"America's Worst Charities" was a headline that caught my eye, and I'm glad it did.

The phrase was attached to a package of stories published by the Tampa Bay Times about charitable organizations that spend a big chunk of their donated funds on companies that raised the money in the first place.

The news package, written in conjunction with the Center for Investigative Reporting and CNN, describes a subsegment of the charity world that seemingly exists only to raise money, the largest part of which is spent on the companies that raise the funds.

For example, No. 1 on the Tampa Bay Times' list of the 50 worst charities, ranked by the amount spent on outside fundraisers, was the Kids Wish Network. The Kids Wish Network over 10 years spent $109.8 million on solicitors, in the process raising $127.8 million and spending just 2.5 percent of its funds on direct cash aid, according to the investigation. The organization passed legal muster, according to a spokesman in the article, but I'm not sure that all its donors would be happy with that level of efficiency.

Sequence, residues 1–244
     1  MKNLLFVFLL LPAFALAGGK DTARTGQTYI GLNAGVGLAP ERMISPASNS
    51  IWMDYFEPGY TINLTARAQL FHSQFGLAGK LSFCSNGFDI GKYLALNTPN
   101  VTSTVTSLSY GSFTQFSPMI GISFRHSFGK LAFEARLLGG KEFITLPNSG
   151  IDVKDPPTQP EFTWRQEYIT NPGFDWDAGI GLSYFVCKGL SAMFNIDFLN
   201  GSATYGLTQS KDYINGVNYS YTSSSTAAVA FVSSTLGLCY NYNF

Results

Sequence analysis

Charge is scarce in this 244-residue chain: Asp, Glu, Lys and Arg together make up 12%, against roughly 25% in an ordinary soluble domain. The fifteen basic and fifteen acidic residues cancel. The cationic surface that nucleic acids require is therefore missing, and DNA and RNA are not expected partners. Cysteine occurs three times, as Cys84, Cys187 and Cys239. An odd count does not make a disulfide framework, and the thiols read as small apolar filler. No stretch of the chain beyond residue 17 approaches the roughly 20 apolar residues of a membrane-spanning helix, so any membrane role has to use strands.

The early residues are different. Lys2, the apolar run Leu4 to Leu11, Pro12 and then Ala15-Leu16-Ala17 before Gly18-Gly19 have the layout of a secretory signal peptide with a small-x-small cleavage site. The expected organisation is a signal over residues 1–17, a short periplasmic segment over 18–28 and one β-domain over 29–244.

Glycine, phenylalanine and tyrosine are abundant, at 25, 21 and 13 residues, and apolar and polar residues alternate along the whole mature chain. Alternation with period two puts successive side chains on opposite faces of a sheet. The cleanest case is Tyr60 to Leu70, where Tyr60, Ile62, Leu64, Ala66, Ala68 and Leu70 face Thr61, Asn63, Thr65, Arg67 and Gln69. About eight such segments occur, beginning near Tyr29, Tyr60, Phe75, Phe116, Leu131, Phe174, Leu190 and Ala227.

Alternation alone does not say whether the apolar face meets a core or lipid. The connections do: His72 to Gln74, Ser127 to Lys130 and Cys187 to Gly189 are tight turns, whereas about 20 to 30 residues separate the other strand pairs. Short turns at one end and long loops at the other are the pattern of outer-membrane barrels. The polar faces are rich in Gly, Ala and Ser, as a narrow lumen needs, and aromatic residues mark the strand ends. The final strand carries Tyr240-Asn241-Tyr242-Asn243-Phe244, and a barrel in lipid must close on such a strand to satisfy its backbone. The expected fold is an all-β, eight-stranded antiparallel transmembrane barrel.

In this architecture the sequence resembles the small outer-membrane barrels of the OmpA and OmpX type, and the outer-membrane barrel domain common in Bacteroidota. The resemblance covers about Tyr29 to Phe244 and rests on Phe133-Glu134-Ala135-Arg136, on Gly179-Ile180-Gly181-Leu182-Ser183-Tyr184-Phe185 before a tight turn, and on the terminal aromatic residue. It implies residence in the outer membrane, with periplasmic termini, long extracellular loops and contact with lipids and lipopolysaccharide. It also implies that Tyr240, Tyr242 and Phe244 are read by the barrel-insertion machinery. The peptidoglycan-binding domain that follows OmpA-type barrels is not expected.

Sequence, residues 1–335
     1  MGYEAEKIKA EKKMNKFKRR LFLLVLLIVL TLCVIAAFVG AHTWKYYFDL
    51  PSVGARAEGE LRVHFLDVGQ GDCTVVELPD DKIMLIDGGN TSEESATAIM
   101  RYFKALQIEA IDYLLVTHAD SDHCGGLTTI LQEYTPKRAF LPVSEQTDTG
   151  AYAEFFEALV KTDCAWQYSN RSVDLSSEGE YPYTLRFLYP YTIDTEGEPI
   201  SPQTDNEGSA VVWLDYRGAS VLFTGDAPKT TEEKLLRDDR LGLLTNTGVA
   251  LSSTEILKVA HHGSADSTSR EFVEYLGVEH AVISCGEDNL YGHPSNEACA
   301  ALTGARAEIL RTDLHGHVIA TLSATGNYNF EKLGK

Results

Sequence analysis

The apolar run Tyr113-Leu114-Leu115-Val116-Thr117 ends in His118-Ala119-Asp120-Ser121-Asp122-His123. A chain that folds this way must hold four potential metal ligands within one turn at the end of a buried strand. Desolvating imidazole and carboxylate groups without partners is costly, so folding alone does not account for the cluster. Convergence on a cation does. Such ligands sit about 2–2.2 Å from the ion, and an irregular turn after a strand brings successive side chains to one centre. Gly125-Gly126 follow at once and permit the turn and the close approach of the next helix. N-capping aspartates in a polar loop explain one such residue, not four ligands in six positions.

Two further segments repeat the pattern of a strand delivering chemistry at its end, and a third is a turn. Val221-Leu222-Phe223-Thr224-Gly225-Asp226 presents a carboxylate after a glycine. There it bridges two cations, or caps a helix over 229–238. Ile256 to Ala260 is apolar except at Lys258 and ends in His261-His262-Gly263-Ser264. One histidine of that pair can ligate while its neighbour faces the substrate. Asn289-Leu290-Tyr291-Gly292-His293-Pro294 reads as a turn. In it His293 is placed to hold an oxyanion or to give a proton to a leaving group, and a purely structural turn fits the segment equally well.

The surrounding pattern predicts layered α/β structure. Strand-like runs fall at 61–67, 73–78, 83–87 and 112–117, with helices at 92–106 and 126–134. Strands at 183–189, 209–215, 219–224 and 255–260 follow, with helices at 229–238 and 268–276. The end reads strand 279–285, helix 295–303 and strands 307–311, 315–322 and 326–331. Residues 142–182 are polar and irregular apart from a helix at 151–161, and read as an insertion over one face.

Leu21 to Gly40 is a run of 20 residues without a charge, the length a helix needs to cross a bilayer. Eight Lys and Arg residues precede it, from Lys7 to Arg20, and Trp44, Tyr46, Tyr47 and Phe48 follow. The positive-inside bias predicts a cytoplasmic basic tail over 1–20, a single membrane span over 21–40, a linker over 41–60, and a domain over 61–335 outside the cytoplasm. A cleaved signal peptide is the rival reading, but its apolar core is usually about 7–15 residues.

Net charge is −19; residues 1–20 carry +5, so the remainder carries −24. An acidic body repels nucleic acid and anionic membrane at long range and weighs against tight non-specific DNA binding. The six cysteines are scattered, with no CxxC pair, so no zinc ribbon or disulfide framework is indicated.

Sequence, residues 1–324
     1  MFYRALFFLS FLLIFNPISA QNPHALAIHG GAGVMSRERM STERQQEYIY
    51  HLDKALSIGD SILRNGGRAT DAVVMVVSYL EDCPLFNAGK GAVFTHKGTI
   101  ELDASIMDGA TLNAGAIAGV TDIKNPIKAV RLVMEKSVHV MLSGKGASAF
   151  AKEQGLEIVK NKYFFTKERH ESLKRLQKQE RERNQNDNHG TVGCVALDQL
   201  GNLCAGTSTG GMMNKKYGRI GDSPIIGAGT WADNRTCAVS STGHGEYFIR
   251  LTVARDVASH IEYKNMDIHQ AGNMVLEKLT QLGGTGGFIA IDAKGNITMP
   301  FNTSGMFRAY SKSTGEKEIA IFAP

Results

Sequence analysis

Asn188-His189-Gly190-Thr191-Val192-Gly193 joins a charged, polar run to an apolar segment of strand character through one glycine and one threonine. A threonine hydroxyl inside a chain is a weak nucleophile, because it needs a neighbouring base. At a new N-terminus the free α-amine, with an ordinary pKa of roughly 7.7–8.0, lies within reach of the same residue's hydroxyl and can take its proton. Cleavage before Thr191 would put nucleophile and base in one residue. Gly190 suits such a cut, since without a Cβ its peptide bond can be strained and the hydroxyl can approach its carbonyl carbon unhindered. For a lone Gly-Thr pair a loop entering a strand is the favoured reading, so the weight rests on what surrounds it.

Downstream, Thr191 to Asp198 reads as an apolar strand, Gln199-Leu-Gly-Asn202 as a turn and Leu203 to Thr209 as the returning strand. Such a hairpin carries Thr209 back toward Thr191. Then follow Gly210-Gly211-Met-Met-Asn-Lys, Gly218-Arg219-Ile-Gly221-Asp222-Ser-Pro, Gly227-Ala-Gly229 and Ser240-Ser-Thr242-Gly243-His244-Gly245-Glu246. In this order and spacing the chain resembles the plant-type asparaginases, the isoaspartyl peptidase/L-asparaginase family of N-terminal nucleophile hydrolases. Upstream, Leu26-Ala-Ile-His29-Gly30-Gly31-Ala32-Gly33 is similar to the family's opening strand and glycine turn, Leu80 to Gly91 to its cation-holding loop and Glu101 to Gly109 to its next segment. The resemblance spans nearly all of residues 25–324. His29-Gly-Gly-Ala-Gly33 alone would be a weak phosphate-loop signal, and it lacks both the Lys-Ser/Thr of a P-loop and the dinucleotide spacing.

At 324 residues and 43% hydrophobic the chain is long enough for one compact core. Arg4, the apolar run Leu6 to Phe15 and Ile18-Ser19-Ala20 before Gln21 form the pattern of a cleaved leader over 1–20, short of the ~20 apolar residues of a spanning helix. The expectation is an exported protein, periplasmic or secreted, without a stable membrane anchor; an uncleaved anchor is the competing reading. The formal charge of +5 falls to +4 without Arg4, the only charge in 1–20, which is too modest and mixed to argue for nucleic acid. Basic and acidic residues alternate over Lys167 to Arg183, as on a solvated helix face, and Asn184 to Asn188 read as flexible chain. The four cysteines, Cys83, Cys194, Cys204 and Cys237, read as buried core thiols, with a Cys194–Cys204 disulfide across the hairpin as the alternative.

Meanwhile, the 50 charities on the list raised more than $1.3 billion over 10 years and paid nearly $1 billion of that to companies that raise their donations.

All of those numbers make me feel a little bit better about my rule to not donate to telephone solicitors purporting to represent a cause I might support until after they've sent me additional information, which never seems to arrive.

I have always been particularly suspicious of organizations I've never heard of but sound a lot like larger organizations. This story validates my suspicions. But that puts groups like the cancer-fighting giant American Cancer Society — the ACS declined comment — in the position of competing for charitable donations with similarly named organizations such as Cancer Fund of America, which according to the article spent $80.4 million over 10 years to raise $98 million.

It is a little maddening to think about how much good that nearly $1 billion spent by the 50 charities on solicitation could've done had it gone into actual charitable programs.